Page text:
Since 2016, the Chinese authorities have been systematically destroying mosques, cemeteries, and other religious structures and sites across the Xinjiang Uyghur Autonomous Region (XUAR). Last year, the Washington-based Uyghur Human Rights Project (UHRP) published a report detailing this campaign, titled “Demolishing Faith: The Destruction and Desecration of Uyghurs Mosques and Shrines”; the report was referenced in the 2020 annual report of the United States Commission on International Religious Freedom (USCIRF). The report uses geolocation and other techniques to show that anywhere between 10,000 and 15,000 mosques, shrines, and other religious sites in the XUAR were destroyed between 2016 and 2019. In some cases, only the domes and towers were destroyed from certain structures, while in others, characteristically Islamic elements such as stars and crescents, domes, and scripture plaques were removed. In some cases, entire mosques have also been felled.
China has made no official response to the report or to claims about the large-scale and widespread destruction it has undertaken. However, the Chinese authorities have continued to bring international visitors to mosques such as Id Kah in Kashgar, as well as to other religious sites around the region, and to publish articles depicting the mosque in state-run media, all in support of the official line that Uyghurs enjoy religious freedom in the region.
Id Kah is the largest and oldest mosque in the XUAR and the largest mosque in all of China. Uyghurs have long regarded Id Kah as a symbol of Islamic culture and a representative of Islamic architecture in the region. While the mosque is still standing mostly intact today, there are some very alarming signs that it is merely a shell of what it used to be. In 2018, authorities removed the star-and-crescent structures from the tops of the mosque’s dome and minarets, along with the colorful scriptural plaque that long hung above its front entrance. As of 2020, those features appear not to have been restored to the mosque. The plaque, which dates to hijra 1325 (1908 C.E.) contains Quranic scriptures along with information about the construction of the mosque and the identity of the artist who made the sign.
Ahead of Eid al-Fitr, which on May 23 will mark the end of the Islamic holy month of Ramadan, RFA’s Uyghur Service spoke with Turghunjan Alawudun, director of the Religious Affairs Committee for the Munich-based World Uyghur Congress (WUC) exile group, and Henry Szadziewski, a senior researcher with the UHRP, about the significance of the missing plaque.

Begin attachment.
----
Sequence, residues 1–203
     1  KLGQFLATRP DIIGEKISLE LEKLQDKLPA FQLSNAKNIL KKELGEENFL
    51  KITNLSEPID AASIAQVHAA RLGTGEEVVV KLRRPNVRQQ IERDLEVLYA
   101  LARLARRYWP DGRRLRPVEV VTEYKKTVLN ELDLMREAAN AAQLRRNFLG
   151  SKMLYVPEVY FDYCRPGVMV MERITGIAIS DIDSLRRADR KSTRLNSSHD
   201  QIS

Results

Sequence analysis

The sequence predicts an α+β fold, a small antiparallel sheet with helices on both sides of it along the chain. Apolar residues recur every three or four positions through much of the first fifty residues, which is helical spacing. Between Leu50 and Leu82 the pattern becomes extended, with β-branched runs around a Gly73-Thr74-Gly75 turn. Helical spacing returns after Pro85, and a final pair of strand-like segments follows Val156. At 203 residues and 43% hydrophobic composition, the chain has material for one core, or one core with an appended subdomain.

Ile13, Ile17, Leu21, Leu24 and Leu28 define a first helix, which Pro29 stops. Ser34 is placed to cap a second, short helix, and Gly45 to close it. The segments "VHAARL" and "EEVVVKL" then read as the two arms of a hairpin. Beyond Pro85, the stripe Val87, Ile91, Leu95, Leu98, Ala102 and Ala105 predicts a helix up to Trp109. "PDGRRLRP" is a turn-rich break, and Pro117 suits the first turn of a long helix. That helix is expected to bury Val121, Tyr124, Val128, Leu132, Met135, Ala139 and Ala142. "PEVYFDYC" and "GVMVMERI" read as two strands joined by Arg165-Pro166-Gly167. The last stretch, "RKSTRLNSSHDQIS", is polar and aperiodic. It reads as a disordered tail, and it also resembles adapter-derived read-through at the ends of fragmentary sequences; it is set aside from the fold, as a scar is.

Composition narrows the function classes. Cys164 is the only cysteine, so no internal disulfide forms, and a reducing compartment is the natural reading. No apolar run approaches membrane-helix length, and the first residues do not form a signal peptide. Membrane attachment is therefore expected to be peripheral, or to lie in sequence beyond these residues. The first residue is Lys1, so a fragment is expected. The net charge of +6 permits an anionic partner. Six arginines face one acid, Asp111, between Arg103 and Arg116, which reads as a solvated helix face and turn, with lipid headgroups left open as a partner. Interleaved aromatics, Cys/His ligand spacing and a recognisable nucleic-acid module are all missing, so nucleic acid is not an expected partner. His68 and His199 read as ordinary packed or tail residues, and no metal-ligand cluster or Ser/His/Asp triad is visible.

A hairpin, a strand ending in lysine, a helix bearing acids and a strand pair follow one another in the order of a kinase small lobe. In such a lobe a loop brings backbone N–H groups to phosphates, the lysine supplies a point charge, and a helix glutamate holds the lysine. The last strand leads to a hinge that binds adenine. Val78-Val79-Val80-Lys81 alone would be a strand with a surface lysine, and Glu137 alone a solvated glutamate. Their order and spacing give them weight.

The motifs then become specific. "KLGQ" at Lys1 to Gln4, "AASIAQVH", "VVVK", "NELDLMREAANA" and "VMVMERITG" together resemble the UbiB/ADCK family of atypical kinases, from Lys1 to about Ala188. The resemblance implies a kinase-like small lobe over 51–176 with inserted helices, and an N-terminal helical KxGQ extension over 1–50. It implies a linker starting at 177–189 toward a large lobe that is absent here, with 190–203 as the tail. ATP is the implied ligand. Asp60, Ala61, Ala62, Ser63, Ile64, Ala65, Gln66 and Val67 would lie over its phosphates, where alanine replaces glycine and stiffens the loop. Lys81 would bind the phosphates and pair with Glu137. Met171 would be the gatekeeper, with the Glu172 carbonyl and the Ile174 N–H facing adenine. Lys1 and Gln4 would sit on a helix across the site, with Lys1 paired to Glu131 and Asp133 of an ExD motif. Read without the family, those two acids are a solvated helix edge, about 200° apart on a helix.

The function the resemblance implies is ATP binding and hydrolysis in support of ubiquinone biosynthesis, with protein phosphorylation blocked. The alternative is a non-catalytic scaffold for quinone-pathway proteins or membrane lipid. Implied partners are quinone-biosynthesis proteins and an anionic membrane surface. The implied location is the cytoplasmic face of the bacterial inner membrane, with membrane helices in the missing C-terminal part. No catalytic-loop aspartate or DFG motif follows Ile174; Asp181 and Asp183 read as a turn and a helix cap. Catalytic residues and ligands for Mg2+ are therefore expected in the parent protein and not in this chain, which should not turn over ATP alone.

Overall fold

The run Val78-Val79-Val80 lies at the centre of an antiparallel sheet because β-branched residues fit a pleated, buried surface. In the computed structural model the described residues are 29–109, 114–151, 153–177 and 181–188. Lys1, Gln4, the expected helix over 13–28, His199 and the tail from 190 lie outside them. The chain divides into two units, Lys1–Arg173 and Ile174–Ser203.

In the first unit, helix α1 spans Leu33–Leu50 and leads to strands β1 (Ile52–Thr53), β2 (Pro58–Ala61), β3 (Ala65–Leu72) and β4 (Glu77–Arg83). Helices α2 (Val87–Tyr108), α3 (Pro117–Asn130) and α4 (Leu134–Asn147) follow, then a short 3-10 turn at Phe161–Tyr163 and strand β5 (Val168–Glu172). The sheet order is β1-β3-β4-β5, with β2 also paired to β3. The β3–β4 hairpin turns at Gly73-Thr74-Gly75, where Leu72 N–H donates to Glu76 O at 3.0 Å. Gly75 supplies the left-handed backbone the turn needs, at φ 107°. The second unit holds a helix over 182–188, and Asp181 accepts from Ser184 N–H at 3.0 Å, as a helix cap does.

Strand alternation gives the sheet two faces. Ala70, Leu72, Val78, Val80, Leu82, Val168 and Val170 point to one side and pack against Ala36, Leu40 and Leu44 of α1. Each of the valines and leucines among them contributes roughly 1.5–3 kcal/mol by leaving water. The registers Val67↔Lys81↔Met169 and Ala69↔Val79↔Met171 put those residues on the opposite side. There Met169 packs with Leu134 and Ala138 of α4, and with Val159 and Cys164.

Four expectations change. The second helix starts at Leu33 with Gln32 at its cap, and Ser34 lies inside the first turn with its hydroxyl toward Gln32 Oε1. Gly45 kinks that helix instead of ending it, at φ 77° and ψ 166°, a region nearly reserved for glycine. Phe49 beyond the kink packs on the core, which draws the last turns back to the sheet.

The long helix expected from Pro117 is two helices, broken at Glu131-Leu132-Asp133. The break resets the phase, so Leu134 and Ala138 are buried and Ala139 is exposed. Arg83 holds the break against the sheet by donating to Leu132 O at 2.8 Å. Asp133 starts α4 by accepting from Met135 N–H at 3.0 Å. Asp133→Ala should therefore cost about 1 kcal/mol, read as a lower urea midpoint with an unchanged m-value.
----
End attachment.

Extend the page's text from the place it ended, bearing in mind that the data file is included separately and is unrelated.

Alawudun: The disappearance of the scriptural plaque from the entrance to Id Kah is one aspect of the Chinese regime’s evil policies meant to eliminate the Islamic faith among Uyghurs, to eliminate Uyghur faith, literary works, and language—and Uyghurs themselves. This scriptural plaque above the door into Id Kah, like the [mosque’s] minarets, has an Islamic character and is a symbol that has been there from the founding of the mosque until today. The Chinese regime can’t bear this, it can’t stand it, and the inner hatred they feel toward Uyghurs has boiled over such that they had the plaque removed.
They’ve left Id Kah [itself] there for the international community, as part of a bid to fool the world. By taking visitors from Islamic countries there every once in a while to see it, showing it to international visitors who come to investigate [the situation in the region], and sharing it in the media every now and then, they’re pursuing policies that deceive the world. Even so, we can still see that the cruel things that China is doing—the destruction by the Chinese regime of things connected to Uyghurs, Uyghur culture, symbols of the Uyghur people, expressions of Uyghur culture—are signs of the Chinese regime’s horrible plan to eliminate the Uyghurs.
Szadziewski: Religious freedom is not a reality for Uyghurs. Across their homeland, mosques, shrines, and other sacred spaces have been bulldozed into history. In the camps, Uyghurs are indoctrinated into the supposed evils of religion. Id Kah in Kashgar has remained standing. Its disappearance would cause outrage given its importance. The significance of its existence to the Chinese authorities is to demonstrate to the world observance of Uyghurs’ religious freedoms. However, the removal of Islamic motifs from the building tells a different story. It tells us Id Kah is being stripped of religious meaning to become a shell for unsuspecting visitors. There is no reason to remove Islamic motifs from the building other than to demonstrate to Uyghurs that belief in Islam belongs to the past. As such, the despoiling of Id Kah signals a move toward an effective ban on the Islamic faith.
Reported by Bahram Sintash for RFA’s Uyghur Service. Translated and written in English by Elise Anderson.
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